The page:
If the original mission was reconnaissance, it makes no sense for the troops to travel with light weapons in unarmed trucks without body armor.  There is nothing to be gained by putting them in such a vulnerable position.  If the original mission was to establish a strategic relationship with village elders, the circumstances make more sense.  A basic element of counter-insurgency (COIN) operations is to live and work among the local people.  That requires security forces to reject the safety (and separation) that comes from armor. It also seems clear that the force met with village leaders in Tonga Tonga.  The village chief was arrested shortly after the ambush.  If the ambush were the result of a redeployment to engage an extremist force, it would make little sense to arrest a village chief in a critical region.  However, if the chief delayed the departure to facilitate the ambush, then his arrest makes more sense.

In the larger context, what can we say about this mission?  One emerging truth is that we need to stop talking about destroying Daesh (Islamic State).  While Daesh’s caliphate has been destroyed in Syria/Iraq, the remnants have metastasized to the Maghreb and pan-Sahel where unoccupied and ungoverned lands give them room to regroup, rearm and re-engage.  We’ve seen the Islamic State of Greater Sahara (ISGS) emerge, in addition to Boko Haram, Al Qaeda in the Islamic Maghreb (AQIM) and the splinter group Movement for Unity and Jihad in West Africa (MUJOA).  It is prudent to assume that Daesh’s presence in the pan-Sahel will grow over the next few months, not diminish.

US forces are tasked with denying extremist forces established bases and preventing their ability to disrupt local governments and threaten peaceful people.  That seems a tall order, since AQIM has been operational in the region for more than a decade, Boko Haram has been active nearly as long and MUJOA has vacillated but never completely disappeared.  It is also clear that “destroying” Daesh is not something the West can ever hope to accomplish.  If Daesh (and other forms of Islamic extremism) is ever going to disappear, it will be as a result of action by the Muslim nations and peoples of the world.

It would be a mistake to attribute any of this to the Trump Administration – even worse to talk of a “Trump Doctrine” or “Trump Policy” for Africa.  The US presence in the pan-Sahel is a holdover from the Obama Administration.  It has not been terribly effective.  Trump doesn’t seem concerned about Africa, except as a market to exploit – that can be a source of both concern and comfort.  He’s been eager to wrap himself in the flag and the military when it suits his purpose, talking about “my Generals” in a way that makes many Americans wonder if he knows they are not his personal security force.  Africans will understand that concern quite well.  We analysts try to turn events into bellwethers and milestones.  But, sometimes they are just tragedies – missions that don’t turn out very well.  That’s what I suspect this will be – a poorly conceived and executed mission meant more to sustain a policy in need of review than have a significant impact on the regional security scene.  US policy in the pan-Sahel could benefit from a thorough review.  However, that’s unlikely in this political climate.

Dog Bites Man Vs Man Bites Dog: How The World Misses Africa’s Deadliest Terror Attacks – Alta Vermeulen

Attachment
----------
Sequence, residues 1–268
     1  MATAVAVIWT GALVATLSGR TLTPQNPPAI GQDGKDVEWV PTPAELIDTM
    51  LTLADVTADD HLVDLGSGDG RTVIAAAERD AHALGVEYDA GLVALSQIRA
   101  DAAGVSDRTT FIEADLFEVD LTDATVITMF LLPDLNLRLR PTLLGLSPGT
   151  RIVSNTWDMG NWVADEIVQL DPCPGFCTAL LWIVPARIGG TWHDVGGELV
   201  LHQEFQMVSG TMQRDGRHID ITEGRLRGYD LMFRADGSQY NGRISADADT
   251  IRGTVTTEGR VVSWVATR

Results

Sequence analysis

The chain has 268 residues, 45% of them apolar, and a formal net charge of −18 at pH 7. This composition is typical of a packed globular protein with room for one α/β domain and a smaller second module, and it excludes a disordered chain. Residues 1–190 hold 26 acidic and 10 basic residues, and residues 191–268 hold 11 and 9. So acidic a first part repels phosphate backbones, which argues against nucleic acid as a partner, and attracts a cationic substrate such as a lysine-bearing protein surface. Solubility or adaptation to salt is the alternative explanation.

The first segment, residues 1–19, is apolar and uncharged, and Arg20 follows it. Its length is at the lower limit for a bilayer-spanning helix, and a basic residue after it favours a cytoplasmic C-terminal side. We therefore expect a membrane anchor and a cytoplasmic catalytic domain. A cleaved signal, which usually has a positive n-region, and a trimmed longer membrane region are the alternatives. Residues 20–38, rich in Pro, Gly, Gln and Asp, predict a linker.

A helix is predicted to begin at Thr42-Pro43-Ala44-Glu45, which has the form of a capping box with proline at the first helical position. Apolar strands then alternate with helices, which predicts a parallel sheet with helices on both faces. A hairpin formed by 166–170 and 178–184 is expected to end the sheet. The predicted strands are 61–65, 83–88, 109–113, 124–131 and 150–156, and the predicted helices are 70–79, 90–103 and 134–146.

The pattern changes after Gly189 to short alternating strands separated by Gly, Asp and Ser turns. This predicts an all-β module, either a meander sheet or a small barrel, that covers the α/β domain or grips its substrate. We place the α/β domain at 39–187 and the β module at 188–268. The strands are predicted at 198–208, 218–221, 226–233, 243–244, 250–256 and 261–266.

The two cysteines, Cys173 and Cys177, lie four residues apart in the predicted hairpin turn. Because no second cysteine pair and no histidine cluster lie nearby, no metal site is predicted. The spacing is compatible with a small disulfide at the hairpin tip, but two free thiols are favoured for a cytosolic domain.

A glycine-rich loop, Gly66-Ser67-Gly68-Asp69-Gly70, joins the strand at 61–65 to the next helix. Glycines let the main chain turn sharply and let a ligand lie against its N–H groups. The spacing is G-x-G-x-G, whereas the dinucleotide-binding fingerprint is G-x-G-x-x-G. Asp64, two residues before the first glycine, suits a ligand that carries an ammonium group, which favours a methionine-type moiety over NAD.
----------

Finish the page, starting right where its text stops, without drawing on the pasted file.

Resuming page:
Dog Bites Man Vs Man Bites Dog: How The World Misses Africa’s Deadliest Terror Attacks

By Alta Vermeulen

Department of Political Studies and Governance, University of the Free State, South Africa

RIMA Occasional Papers, Volume 5 (2017), Number 19 (October 2017) 

Imagine the hustle and bustle of a busy street in a capital city, on a Saturday afternoon. The activities in this street include workers commuting, people shopping, mothers taking a walk with their children, beggars on the street, children running, street hawkers selling anything from bananas to sunglasses. Suddenly the earth is shaken by a massive explosion and chaos ensues. Hysterical people run and scream, wounded and burnt bodies scatter the street, bewildered families dig through rubble with their bare hands to try and find their loved ones, smoke, dust and ashes are strewn across the street that a few moments ago, was the picture of everyday life. This is not a description of a movie scene, and you would think, if this really happened, just a few weeks ago, why don’t we all know about it? This simple answer will probably be, because it happened in Africa.

Many countries, shortly after the attack, announced their condemnation for the atrocious act. World leaders from the United Kingdom, the United States of America, France, Canada and Turkey all pledged their solidarity with the Somali people[i]. So, it might be presumptuous to claim that the world “missed” this attack. However, one cannot help to do what all humans are inclined to do: compare. According to the Somali government, the attack left at least 358 people dead, with an additional 228 people seriously injured[ii], thus this particular attack is the worst terrorist attack recorded in Somali history. Although the outcry in Mogadishu and Somalia itself has been considerable[iii], the rest of the world has only maybe noticed a blip on the radar of violence in Africa. Naturally Al-Shabaab is blamed for the attack, which some speculate was aimed at Somalia’s foreign ministry down the road. The destruction was intensified by the unfortunate fact that the concealed truck bomb exploded in close proximity to a fuel tanker[iv]. Al Shabaab has, however, not claimed responsibility for the attack yet – something which might in any case be redundant since Al Shabaab has vowed to increase attacks after both the Trump administration as well as the newly elected Somali president announced new military efforts against the group[v].